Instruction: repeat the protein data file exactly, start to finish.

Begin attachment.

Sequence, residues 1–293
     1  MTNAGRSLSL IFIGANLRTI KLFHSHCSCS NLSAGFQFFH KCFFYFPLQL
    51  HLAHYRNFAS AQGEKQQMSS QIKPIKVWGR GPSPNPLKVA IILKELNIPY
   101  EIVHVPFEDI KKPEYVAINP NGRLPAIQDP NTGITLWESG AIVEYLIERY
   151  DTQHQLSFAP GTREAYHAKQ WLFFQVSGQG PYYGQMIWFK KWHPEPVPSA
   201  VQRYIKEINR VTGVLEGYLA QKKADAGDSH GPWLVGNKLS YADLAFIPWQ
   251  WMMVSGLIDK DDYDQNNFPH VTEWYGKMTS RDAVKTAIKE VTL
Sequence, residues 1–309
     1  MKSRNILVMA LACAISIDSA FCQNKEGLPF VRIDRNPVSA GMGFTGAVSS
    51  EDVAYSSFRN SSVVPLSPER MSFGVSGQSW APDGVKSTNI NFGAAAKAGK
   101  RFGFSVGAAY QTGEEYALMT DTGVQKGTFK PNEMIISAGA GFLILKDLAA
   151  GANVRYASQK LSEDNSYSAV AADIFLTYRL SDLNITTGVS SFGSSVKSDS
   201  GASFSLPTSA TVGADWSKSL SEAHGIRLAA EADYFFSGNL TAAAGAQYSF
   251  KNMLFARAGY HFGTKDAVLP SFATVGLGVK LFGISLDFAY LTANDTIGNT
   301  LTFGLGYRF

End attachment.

Sequence, residues 1–293
     1  MTNAGRSLSL IFIGANLRTI KLFHSHCSCS NLSAGFQFFH KCFFYFPLQL
    51  HLAHYRNFAS AQGEKQQMSS QIKPIKVWGR GPSPNPLKVA IILKELNIPY
   101  EIVHVPFEDI KKPEYVAINP NGRLPAIQDP NTGITLWESG AIVEYLIERY
   151  DTQHQLSFAP GTREAYHAKQ WLFFQVSGQG PYYGQMIWFK KWHPEPVPSA
   201  VQRYIKEINR VTGVLEGYLA QKKADAGDSH GPWLVGNKLS YADLAFIPWQ
   251  WMMVSGLIDK DDYDQNNFPH VTEWYGKMTS RDAVKTAIKE VTL
Sequence, residues 1–309
     1  MKSRNILVMA LACAISIDSA FCQNKEGLPF VRIDRNPVSA GMGFTGAVSS
    51  EDVAYSSFRN SSVVPLSPER MSFGVSGQSW APDGVKSTNI NFGAAAKAGK
   101  RFGFSVGAAY QTGEEYALMT DTGVQKGTFK PNEMIISAGA GFLILKDLAA
   151  GANVRYASQK LSEDNSYSAV AADIFLTYRL SDLNITTGVS SFGSSVKSDS
   201  GASFSLPTSA TVGADWSKSL SEAHGIRLAA EADYFFSGNL TAAAGAQYSF
   251  KNMLFARAGY HFGTKDAVLP SFATVGLGVK LFGISLDFAY LTANDTIGNT
   301  LTFGLGYRF